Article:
MaNGA Data Reduction Pipeline
The MaNGA Data Reduction Pipeline (DRP) processes the raw data to produce flux calibrated, sky subtracted, coadded data cubes from each of the individual exposures for a given galaxy.
The DRP consists of two primary parts: the 2d stage that produces flux calibrated fiber spectra from raw individual exposures, and the 3d stage that combines multiple flux calibrated exposures with astrometric information to produce stacked data cubes.
These science-grade data cubes are then processed by the MaNGA Data Analysis Pipeline (DAP), which measures the shape and location of various spectral features, fits stellar population models, and performs a variety of other analyses necessary to derive astrophysically meaningful quantities from the calibrated data cubes.
In this page we provide a basic overview of the major steps in the MaNGA DRP as of DR15 (the DAP is described here). The DR15 DRP lives in an svn-controlled repository
mangadrp and is generally similar to both DR13 and DR14 (see differences here); for detailed information see the technical pipeline paper (Law et al. 2016).
Each version of the DRP contains a userguide within the svn product detailing how to install and run the DRP and its dependent software products and data directories.
DRP: 2d Stage
The 2d stage of the MaNGA DRP is largely derived from the BOSS idlspec2d pipeline that has been modified to address the different hardware design and science requirements of the MaNGA survey.
Each of the four raw camera images (blue and red cameras for each of two spectrographs) for a given exposure are preprocessed to remove quadrant-dependent biases from the four readout amplifiers, identify cosmic ray tracks by looking for features sharper than the detector PSF, and estimate the typical uncertainty in each pixel based on the raw counts and the detector read noise. The resulting cleaned camera images show the spectra of each fiber dispersed vertically along the detector.
Each MaNGA science exposure is preceded by two calibration exposures. The first calibration exposure is of a bright quartz flatfield lamp that uniformly illuminates every fiber with a bright background. This bright flatfield exposure is used to measure the precise location and width of each fiber spectrum on the detector (since they change over time due to gravitational flexure), and to calibrate the relative throughput of each fiber (since dust on the fiber bundles and various optical stresses can alter performance). The second calibration exposure is of a bright Neon-Mercury-Cadmium lamp, which produces bright spectral emission lines at well-determined wavelengths. This exposure allows us to calibrate the relative wavelength-to-pixel solution of each fiber spectrum, in addition to measuring the effective spectral resolution from the width of the arc-lamp emission lines.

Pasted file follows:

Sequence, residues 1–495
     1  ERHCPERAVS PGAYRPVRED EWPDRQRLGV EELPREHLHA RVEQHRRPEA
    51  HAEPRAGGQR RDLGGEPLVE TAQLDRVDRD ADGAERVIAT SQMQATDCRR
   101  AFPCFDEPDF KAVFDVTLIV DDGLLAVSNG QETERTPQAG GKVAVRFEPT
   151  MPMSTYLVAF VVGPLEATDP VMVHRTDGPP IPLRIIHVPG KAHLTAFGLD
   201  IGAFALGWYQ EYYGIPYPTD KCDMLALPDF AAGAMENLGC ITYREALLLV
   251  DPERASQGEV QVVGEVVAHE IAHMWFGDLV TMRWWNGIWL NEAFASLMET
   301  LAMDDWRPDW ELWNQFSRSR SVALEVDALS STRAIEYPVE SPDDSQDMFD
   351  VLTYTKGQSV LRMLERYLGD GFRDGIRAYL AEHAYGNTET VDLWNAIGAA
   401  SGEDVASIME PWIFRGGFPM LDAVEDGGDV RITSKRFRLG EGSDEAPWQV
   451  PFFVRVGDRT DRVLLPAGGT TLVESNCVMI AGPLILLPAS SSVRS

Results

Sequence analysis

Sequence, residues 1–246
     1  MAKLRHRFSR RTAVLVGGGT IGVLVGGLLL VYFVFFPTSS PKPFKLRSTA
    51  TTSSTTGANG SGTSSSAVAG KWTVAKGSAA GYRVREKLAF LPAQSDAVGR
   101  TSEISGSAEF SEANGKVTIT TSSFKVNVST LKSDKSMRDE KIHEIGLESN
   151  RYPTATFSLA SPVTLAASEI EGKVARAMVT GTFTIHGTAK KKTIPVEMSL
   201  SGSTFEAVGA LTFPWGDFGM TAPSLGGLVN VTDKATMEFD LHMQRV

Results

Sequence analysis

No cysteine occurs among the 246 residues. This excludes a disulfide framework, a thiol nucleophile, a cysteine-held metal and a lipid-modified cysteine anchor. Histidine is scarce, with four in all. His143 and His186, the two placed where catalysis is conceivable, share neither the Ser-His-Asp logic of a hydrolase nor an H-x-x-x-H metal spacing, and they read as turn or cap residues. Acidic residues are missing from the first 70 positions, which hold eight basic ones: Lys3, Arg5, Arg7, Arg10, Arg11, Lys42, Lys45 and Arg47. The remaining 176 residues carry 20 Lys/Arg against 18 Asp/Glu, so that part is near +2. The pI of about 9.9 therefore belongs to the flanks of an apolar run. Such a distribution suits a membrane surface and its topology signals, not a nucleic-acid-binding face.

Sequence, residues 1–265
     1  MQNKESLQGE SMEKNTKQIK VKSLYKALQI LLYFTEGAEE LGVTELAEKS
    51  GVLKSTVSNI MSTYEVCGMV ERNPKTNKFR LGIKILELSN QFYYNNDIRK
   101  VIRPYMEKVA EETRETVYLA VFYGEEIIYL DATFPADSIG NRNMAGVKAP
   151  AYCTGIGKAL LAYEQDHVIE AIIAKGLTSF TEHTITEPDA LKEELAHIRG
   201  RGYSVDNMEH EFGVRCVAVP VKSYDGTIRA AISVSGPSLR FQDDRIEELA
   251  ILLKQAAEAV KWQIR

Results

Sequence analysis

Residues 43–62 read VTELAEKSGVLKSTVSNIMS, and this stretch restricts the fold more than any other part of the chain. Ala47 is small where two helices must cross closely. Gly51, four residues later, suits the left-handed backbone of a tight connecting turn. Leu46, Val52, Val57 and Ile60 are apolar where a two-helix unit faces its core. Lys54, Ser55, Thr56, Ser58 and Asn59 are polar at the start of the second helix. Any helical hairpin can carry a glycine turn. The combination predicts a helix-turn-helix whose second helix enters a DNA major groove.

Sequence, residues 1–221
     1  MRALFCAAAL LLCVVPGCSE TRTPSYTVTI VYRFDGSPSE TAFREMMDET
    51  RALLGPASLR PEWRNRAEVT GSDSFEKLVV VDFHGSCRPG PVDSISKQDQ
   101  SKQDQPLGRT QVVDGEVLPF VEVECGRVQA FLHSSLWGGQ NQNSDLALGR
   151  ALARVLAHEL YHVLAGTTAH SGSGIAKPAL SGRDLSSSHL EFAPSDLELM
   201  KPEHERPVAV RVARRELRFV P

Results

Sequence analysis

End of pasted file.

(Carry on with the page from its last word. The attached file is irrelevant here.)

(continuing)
Science exposures (and calibration exposures) are extracted from the two dimensional detector images using a gaussian profile fitting method. For each row on the detector, we model the counts in the row as the linear sum of Nfiber gaussian profiles plus a smoothly varying background to account for scattered light. The integral of each of these gaussian profiles is then recorded as the total flux for a given fiber in that row, and the spectrum of each fiber is constructed as the vector of fluxes across all rows. The extracted science spectra are saved in mgFrame files, while the extracted flatfield and arc-lamp calibration spectra are saved in mgFlat and mgArc files respectively.
Since the night sky is quite bright at optical and near-infrared wavelengths (especially in the vicinity of OH emission lines), the pipeline next creates a model of the background sky to subtract from the data so that the underlying galaxy or star light can be isolated. This is achieved by combining each of the 92 single fibers (46 per spectrograph) that sample sky regions away from astronomical targets into a super-sampled spectrum of the night sky background. This super-sampled model is evaluated on the pixellized wavelength grid of each of the science fibers (with some scaling factors to account for spatial variation in the sky background, and the shape and strength of individual OH features), and subtracted from the science fiber spectra to produce the mgSFrame files.